I’m all for creating new stars like Ryback, but should it come at the expense of Punk? I don’t think that’s Punk’s role, yet. Triple H needed consistent victories over top stars to become the heel of the 2000s and then he shifted gears toward being the guy that made others. It’s Cena’s job, not Punk’s, to put people over to get them to that next level. Punk still needs to be the one going over people. At the end of the day, I look at a guy like Punk and see a WWE Champion that has not reached that point where people are itching to see him lose the title and not until that point should he, in my opinion, drop the strap. It would be one thing if Ryback was a proven, established talent, but he’s not. I personally like seeing guys that get to the main-event and win the title be the guys that have definitively earned that position. I’m not a fan of the trend that sees guys with no headlining track record being “experimented with” as main-event players. You shouldn’t be a main-event player unless all the experimentation is virtually over. Working your way up to success is the way it should be, if you ask me.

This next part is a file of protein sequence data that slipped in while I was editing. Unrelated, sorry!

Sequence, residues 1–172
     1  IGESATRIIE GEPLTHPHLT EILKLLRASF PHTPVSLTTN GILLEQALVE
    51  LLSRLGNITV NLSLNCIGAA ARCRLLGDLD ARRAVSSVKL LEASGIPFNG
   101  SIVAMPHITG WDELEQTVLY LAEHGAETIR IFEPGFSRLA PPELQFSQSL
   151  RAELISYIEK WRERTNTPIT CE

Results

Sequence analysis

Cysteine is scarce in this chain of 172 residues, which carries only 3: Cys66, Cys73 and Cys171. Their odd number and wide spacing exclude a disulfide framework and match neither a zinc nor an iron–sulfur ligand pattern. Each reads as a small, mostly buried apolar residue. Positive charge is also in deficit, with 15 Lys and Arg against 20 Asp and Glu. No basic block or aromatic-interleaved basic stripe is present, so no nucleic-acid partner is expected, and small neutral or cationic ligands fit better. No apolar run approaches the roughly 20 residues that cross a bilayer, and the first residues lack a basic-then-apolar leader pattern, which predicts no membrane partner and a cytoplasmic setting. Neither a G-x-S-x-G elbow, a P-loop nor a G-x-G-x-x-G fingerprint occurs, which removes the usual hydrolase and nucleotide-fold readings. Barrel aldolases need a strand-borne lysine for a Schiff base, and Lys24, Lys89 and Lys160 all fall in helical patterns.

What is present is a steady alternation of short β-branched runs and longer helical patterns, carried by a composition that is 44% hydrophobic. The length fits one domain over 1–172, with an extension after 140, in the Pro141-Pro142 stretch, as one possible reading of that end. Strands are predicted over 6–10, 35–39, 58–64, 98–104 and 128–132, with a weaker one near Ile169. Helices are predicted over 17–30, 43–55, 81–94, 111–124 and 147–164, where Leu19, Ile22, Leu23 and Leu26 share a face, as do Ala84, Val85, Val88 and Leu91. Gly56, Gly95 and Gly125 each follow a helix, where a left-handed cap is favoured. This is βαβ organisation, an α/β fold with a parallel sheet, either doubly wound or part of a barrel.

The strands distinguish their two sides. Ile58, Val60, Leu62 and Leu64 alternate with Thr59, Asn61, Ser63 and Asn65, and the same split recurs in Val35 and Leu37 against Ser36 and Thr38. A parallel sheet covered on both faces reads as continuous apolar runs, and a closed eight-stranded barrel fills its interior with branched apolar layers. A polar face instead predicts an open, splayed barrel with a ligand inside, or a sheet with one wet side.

So, there are two good arguments – one for each side. I’m going to predict that Punk retains because I think the WWE is thinking ahead for a change and looking at the Royal Rumble and Wrestlemania, game planning for what they need to do to ensure that their cash cow hits them another financial home run.

One thing helping Ryback vs. Punk’s cause for the pay per viewing audience will be Jim Ross on commentary. The product has benefitted quite a bit from having Ross in the fold. Nobody can sell the product like he can. Because of his experience, JR just knows what to say to get you interested in a match and that’s something that Michael Cole has never been able to consistently add to his fairly limited commentating repertoire. Ross will help tell the story of Ryback’s leap to the main-event, the importance of Punk’s lengthy title reign, and will validate whatever decision is made on the winner.

Onward to other discussion points...